Info & Guidelines



To test our ROM BIOS program, we'll use the earlier hardware configuration involving the 16550 UART and the TeraTerm v4.99 terminal emulator. Note this is BIOS v1.0, dated 2018-10-27.

The BIOS is being continually updated. The most recent download of all required files is M62-BIOS - 20190203-2047 - V1.2.3.zip  This version is NOT used in the examples below. When I get the time, I'll update the examples below with the latest code.


Giving Credit Where It's Due:

Peter Murray of 39k.ca initiated and developed the idea of a ROM BIOS for the Z80 project. The BIOS will contain numerous function calls available to any program or application including the ROM Monitor. Examples could include calls that provide functions like convert2upperCase, printCharacter, printString, etc. Each function call and its address in the m62bios.asm file is documented in the routine_entry.asm file. An example of routine_entry.asm is shown in the adjacent panel.


How does it work?

Open m62bios.asm in your favourite editor, possibly Programmer's Notepad, that provides line numbers, coloured text, etc.

The BIOS I/O routines table that we copy into routine_entry.asm for standalone programs starts in line 39. The function calls unique to the 16C550 UART start in line 53. More routines will be added to the BIOS and to routine_entry.asm, as well.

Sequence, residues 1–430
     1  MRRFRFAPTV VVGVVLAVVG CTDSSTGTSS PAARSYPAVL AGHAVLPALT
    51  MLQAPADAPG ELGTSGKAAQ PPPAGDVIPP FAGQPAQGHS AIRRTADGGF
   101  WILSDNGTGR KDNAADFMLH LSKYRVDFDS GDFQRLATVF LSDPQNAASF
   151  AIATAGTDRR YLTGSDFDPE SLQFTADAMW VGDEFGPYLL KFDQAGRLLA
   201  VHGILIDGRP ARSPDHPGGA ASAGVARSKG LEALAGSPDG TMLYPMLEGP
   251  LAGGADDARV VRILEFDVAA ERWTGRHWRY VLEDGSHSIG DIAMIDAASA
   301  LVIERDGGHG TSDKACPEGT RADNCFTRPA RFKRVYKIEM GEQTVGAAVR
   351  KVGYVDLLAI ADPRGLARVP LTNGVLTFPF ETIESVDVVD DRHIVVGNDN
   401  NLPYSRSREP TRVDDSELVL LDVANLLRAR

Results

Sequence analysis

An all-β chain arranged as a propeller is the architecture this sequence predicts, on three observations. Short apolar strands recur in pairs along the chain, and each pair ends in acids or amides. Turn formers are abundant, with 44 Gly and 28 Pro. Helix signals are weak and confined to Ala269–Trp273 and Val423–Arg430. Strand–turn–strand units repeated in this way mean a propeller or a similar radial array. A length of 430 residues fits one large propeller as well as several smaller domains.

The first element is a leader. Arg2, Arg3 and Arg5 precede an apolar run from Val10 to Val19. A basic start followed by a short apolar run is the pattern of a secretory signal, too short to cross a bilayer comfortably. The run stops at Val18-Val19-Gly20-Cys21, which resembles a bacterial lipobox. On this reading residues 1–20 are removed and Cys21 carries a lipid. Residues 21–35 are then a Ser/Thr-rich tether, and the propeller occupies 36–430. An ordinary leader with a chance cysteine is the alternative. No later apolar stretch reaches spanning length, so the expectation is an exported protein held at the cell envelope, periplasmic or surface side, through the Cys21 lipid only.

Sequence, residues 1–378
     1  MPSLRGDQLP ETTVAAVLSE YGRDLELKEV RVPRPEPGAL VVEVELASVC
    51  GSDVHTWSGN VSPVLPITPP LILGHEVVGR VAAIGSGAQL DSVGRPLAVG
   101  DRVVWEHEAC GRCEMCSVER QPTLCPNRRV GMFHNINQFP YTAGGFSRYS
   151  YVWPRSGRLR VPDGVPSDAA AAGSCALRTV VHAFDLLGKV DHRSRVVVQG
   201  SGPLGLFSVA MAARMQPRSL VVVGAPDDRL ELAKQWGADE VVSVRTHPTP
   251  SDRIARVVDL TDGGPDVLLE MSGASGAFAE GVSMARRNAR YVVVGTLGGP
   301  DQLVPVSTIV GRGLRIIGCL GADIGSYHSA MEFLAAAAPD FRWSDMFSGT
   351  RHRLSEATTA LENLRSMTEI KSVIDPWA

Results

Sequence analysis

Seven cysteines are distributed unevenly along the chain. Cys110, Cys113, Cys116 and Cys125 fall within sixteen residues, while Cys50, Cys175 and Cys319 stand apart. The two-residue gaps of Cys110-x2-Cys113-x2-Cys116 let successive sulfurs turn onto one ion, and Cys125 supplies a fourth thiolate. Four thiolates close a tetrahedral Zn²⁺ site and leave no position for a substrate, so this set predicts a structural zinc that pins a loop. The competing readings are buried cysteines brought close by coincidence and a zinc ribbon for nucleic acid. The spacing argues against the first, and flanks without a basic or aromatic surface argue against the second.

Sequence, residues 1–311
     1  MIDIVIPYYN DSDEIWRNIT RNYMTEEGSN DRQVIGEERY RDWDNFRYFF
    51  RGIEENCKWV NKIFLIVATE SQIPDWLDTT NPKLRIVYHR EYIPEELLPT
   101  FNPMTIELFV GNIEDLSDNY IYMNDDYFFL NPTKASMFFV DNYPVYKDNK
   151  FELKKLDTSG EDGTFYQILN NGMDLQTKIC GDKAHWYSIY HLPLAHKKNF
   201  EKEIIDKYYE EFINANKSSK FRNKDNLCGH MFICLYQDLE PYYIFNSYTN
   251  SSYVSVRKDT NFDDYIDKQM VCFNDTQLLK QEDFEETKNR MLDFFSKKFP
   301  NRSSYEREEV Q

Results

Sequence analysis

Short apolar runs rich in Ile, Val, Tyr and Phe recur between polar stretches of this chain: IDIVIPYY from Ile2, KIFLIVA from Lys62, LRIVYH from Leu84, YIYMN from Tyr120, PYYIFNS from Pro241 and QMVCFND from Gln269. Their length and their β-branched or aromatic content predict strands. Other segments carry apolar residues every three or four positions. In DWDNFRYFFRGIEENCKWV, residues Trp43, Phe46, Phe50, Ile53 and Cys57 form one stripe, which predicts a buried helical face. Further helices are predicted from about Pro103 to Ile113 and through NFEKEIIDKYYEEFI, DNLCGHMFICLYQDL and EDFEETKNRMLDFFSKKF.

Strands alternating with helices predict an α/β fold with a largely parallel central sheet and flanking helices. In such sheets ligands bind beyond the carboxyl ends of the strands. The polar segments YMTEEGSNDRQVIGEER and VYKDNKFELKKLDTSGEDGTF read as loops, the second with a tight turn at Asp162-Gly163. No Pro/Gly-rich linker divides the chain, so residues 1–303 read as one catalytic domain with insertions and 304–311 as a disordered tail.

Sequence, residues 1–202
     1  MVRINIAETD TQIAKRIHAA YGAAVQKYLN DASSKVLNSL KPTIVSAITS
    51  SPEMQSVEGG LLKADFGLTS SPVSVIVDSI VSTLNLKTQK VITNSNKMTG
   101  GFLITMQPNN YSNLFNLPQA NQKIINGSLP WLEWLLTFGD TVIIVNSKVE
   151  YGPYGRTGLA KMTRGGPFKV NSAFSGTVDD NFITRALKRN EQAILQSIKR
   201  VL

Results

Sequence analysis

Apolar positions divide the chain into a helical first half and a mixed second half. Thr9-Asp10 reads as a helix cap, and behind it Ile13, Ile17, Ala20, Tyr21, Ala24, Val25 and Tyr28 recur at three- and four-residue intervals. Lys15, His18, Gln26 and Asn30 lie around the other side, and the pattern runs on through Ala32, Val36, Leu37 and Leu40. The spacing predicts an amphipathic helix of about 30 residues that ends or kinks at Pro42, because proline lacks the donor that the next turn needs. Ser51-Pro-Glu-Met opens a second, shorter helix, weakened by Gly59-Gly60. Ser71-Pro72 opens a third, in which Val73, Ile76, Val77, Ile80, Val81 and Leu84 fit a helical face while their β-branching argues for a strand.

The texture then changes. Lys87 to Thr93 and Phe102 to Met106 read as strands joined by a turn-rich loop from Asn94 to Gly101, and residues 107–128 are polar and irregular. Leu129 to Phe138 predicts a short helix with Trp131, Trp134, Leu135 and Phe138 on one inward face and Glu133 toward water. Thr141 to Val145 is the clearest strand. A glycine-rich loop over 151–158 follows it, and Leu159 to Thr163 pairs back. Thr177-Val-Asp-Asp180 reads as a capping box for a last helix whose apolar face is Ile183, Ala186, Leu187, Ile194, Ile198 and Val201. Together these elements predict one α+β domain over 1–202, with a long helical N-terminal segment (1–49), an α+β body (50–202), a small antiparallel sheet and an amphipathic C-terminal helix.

The BIOS program starts in line 70. The UART is initialized, a welcome message is displayed, and then we jump to the brief BIOS menu system which is found in the bios_menu.asm file. All of the files needed to run the BIOS are included at the bottom of m62bios.asm.


How do I test my BIOS?

Download BIOS.zip, expand to its own folder, and then run Assemble_m62bios.BAT. This will create m62bios.obj which you'll need to burn to a ROM. You will only need to do this once.

Connect TeraTerm to your Z80 system and hit the Z80's Reset button. The terminal emulation display should be the same as the adjacent screenshot, ROM BIOS Bootup Screen.

The BIOS menu functions are limited at this time: you can upload a standalone program to RAM or execute a program at a particular address. We are going to upload a standalone program and then execute it in our upcoming examples.


How do I get my standalone program into RAM?

Once the BIOS menu is running, we select "X" for binary transfer. When prompted for a location to load the file into, type "$8000". In TeraTerm499, choose File | Send file (ensure Option: Binary is checked), and select the test1.obj file. The results should be as shown in the adjacent panel: test1 Standalone Program

Note that there is a file transfer start timeout value of about 13 seconds in the Binary Receive function so...


How do I create a standalone program?

Open test1.asm. You'll notice a "MLOCATION" variable near the top that specifies where in the RAM this program will run; I've chosen $8000. Change the code to whatever RAM location you like but don't forget to write it down somewhere for later.